Find out what your enterprise mobility management system should include

stock-photo-business-technology-security-1738784-457114-editedBring your own device — also known as BYOD — policies have become increasingly popular in recent years.

Fifty-nine percent of companies allowed employees to use their own mobile devices for work purposes as of two years ago, according to Tech Pro Research calculations, which predicted the amount of BYOD organizations would continue to grow.

Allowing employees to choose what type of phone and/or tablet they’ll use at work offers them additional freedom to customize their digital experience, which can help augment employee satisfaction; removing device purchases from the budget either completely or partially, if employee devices are subsidized, can also potentially save employers some money.

BYOD policy implementations, though, can also present a few concerns — notably security, which is the key reason some companies are reportedly backing away from the practice. Ten percent of organizations in the U.S., U.K., France and Germany expected BYOD tablet use to decrease last year, according to a Strategy Analytics survey.

Having an enterprise mobility management system in place can help organizations safeguard device implementation and use. Nearly a third of companies, however, don’t have one.

If your organization hasn’t outlined its expectations regarding BYOD security, the following guidelines can help employees use their devices safely to keep company information secure:

Set limits: You don’t have to allow every device. To make sure your IT department is capable of supporting employees’ phones and tablets, you may want to distribute a list of approved makes and models. Some companies also limit the apps employees can download and the data they can access remotely.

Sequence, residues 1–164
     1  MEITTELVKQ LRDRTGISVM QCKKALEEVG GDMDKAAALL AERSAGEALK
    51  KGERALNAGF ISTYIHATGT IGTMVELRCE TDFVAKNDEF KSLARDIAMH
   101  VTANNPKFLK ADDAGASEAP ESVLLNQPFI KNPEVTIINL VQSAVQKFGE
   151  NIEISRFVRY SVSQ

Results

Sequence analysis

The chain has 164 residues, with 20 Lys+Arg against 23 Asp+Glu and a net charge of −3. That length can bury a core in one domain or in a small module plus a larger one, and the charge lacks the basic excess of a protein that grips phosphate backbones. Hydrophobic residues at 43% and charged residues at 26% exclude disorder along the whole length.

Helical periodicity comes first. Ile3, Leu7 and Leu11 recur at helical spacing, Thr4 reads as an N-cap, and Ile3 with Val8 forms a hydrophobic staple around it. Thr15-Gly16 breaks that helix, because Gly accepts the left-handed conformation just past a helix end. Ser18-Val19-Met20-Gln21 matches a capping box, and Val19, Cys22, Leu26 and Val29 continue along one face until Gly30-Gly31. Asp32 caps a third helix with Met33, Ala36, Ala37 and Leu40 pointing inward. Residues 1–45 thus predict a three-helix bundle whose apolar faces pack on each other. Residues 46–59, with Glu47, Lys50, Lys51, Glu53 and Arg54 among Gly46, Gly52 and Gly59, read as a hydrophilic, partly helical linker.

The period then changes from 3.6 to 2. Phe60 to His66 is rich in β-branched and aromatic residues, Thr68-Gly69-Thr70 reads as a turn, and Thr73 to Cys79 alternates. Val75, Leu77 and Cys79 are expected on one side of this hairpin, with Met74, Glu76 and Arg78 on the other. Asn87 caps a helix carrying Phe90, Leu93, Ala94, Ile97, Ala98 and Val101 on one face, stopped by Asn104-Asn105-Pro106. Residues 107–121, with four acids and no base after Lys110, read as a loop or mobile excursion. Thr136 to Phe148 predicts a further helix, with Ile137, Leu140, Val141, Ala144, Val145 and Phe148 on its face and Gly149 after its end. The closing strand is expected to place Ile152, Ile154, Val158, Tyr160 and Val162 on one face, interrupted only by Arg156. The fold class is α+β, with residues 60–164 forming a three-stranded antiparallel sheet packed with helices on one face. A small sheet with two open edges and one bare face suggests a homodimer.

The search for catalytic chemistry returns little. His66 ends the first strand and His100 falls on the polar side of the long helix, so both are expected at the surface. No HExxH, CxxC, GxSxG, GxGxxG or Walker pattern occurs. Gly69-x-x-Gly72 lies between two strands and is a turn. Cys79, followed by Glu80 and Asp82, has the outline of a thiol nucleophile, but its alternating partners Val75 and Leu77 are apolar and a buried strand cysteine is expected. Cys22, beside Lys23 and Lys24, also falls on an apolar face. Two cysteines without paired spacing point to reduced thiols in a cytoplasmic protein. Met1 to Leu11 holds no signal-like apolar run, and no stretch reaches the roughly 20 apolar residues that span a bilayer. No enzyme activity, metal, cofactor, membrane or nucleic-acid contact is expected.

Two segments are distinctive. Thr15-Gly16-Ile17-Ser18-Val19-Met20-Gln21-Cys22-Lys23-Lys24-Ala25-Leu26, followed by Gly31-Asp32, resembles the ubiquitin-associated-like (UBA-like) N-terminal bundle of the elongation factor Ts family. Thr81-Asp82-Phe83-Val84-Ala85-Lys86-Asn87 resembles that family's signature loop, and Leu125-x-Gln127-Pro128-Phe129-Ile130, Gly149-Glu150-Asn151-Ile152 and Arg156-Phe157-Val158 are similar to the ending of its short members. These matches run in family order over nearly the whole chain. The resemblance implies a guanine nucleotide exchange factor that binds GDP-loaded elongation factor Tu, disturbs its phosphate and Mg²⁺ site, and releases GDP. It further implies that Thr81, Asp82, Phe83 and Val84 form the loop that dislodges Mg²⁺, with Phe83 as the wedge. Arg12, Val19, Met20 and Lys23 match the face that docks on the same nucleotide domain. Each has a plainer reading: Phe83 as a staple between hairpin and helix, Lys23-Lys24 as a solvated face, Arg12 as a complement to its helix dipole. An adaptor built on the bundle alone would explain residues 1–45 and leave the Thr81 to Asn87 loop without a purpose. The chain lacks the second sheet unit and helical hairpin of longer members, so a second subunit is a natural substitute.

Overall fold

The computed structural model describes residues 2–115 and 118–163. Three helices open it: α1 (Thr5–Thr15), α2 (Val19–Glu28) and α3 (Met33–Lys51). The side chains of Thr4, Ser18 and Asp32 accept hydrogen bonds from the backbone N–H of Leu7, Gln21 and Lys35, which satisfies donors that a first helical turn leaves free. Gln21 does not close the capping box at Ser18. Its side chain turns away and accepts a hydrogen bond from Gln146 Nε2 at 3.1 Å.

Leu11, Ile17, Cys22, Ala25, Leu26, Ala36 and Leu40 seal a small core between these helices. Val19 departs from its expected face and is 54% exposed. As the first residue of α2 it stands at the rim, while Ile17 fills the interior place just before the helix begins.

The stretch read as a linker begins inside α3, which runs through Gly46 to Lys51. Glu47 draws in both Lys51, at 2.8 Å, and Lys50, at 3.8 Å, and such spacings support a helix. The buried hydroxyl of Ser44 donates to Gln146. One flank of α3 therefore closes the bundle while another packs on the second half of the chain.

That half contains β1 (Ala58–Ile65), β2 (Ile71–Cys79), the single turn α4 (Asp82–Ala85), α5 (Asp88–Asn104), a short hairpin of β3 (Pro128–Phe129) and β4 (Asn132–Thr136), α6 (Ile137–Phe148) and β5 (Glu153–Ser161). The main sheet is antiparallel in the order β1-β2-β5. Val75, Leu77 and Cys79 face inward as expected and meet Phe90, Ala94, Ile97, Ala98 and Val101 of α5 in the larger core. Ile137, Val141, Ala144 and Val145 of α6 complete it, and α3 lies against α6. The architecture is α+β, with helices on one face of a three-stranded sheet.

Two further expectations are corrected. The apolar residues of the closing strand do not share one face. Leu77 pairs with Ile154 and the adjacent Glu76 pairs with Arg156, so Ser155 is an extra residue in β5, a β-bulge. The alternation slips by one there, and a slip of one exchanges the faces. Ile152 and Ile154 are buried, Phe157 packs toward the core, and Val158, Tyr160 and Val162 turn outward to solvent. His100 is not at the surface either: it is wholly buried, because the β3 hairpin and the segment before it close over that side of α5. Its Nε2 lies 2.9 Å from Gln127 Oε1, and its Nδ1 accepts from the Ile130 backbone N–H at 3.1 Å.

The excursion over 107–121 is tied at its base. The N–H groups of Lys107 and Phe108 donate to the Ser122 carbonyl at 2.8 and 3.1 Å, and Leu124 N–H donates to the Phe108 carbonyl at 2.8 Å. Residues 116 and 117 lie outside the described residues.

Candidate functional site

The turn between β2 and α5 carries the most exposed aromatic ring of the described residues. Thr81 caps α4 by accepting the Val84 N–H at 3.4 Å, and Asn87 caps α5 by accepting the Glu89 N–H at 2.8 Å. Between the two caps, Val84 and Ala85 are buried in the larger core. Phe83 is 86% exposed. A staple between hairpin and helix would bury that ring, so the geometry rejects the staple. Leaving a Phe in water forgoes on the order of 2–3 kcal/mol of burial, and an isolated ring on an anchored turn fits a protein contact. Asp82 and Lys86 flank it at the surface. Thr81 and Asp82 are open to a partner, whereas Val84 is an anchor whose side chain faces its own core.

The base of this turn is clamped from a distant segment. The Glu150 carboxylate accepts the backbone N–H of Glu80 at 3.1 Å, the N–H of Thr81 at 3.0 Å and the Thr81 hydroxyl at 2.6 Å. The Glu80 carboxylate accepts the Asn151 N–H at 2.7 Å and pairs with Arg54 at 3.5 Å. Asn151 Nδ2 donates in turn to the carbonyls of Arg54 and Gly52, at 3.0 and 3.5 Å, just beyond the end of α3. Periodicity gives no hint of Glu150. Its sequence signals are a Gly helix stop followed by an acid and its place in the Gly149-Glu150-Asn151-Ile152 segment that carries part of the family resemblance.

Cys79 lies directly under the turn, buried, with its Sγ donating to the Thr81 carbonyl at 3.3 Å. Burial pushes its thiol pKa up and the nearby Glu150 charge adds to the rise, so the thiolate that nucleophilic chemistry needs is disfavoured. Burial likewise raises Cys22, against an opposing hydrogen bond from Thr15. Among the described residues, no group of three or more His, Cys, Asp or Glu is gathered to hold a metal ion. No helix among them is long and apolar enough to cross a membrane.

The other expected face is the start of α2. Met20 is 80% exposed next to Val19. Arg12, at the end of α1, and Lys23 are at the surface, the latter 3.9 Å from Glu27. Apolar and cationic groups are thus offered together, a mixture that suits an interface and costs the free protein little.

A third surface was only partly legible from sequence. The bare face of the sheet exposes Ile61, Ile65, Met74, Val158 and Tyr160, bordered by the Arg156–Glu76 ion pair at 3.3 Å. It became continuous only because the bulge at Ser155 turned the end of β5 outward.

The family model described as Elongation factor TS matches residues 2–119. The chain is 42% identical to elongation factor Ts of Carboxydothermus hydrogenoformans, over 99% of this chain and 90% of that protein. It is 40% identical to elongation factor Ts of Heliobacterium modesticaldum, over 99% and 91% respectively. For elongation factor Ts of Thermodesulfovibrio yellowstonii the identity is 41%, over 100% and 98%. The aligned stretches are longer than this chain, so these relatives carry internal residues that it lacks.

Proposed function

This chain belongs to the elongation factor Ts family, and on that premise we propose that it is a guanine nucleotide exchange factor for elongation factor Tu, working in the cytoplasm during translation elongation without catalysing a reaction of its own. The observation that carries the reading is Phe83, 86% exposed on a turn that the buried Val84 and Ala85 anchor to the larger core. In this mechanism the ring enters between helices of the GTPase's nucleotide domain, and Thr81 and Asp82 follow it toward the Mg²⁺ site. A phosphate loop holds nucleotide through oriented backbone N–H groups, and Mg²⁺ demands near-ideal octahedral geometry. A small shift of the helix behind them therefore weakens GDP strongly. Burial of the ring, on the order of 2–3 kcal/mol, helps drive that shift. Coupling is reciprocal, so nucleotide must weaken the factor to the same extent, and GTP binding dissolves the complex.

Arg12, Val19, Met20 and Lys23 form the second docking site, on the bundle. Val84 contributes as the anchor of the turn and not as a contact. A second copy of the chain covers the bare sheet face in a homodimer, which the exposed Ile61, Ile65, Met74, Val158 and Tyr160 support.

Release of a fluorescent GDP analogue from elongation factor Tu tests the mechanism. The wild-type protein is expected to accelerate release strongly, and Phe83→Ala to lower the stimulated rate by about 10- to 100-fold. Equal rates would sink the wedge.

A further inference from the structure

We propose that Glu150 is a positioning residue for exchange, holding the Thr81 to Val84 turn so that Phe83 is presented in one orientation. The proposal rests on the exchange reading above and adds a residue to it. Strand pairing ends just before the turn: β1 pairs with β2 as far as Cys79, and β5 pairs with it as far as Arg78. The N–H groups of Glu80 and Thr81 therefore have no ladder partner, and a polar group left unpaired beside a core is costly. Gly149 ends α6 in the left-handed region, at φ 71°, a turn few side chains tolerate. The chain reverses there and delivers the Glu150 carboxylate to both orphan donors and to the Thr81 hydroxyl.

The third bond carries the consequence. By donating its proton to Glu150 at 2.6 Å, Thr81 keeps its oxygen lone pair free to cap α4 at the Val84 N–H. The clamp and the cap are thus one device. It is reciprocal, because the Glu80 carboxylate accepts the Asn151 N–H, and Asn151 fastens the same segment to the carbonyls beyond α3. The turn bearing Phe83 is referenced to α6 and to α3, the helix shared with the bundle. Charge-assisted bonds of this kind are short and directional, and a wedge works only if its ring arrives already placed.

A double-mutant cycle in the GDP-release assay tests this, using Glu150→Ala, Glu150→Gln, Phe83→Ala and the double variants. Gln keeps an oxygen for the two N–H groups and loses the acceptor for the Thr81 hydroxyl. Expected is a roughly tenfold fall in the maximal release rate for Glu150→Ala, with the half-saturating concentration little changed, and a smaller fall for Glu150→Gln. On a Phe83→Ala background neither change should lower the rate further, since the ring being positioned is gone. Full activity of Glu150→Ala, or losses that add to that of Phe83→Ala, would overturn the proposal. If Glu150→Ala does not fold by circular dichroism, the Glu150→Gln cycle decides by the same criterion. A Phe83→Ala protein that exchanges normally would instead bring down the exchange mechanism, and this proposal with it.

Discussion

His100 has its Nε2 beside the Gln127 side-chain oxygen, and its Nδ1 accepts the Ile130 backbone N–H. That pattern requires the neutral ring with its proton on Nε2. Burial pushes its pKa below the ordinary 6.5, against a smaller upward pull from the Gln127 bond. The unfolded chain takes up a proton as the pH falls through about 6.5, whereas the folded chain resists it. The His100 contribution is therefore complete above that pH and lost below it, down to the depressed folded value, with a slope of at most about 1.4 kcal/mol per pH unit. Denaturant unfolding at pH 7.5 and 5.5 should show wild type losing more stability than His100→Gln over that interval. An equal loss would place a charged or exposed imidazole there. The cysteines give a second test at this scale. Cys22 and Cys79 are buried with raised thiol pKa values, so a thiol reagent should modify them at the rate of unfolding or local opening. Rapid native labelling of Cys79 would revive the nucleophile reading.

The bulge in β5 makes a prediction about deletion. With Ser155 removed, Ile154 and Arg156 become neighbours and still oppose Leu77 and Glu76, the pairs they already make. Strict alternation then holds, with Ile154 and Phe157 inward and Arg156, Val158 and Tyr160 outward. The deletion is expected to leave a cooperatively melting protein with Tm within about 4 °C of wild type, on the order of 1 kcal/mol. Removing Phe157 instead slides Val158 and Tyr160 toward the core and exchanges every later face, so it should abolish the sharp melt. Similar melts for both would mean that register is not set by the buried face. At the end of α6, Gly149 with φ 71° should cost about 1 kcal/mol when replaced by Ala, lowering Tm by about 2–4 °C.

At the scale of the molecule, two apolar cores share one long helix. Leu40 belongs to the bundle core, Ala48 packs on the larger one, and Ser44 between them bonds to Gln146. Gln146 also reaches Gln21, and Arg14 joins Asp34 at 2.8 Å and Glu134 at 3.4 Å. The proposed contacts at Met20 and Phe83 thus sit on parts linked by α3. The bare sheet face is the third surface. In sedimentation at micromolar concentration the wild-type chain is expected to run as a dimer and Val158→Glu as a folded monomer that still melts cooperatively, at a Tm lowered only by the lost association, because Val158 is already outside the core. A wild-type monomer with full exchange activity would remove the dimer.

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Encourage device locking

Having a BYOD policy provision that a password or other authentication method should be required to unlock phones and tablets after a few minutes of being idle can help prevent individuals with malicious intent from being able to pick up and use an employee’s phone if it’s lost or left unattended.

You don’t have to rely on the default authentication

A phone may, for example, be designed to let the designated user unlock it with a facial scan; requiring more verification methods — such as a passcode or fingerprint recognition, too, to confirm the appropriate person is using a device — can strengthen security. Yet one in four companies do not utilize multi-factor authentication to secure employee-provided phones and tablets, according to Bitglass research.

Incorporating other security measures may help

Some organizations are also including data encryption provisions in their BYOD security approach, according to Strategy Analytics, and ensuring their enterprise mobility management system mentions device provisioning — requiring certain elements, such as a certificate associated with a device, to be confirmed within the company’s system to authenticate the user.

Train employees on proper device use

More than three-quarters (79 percent) of U.S.- and U.K.-based professionals who manage and procure mobile devices for their organization worry about accidental or intentional employee misuse in general, according to a recent Verizon survey; 39 percent of professionals at organizations with a BYOD policy rated employee misuse as their top concern. Make sure your employees know about generally accepted strong password and other safety principles.

Technology has transformed HR work in recent years; and it will undoubtedly continue to. With so many rapid advancements occurring, knowing what cutting edge tools and practices are on the horizon can sometimes seem daunting.

For a comprehensive look at the current types of technology companies are implementing to improve operations — and what items they may adopt in the future — download our free HR Tech of Tomorrow white paper today.

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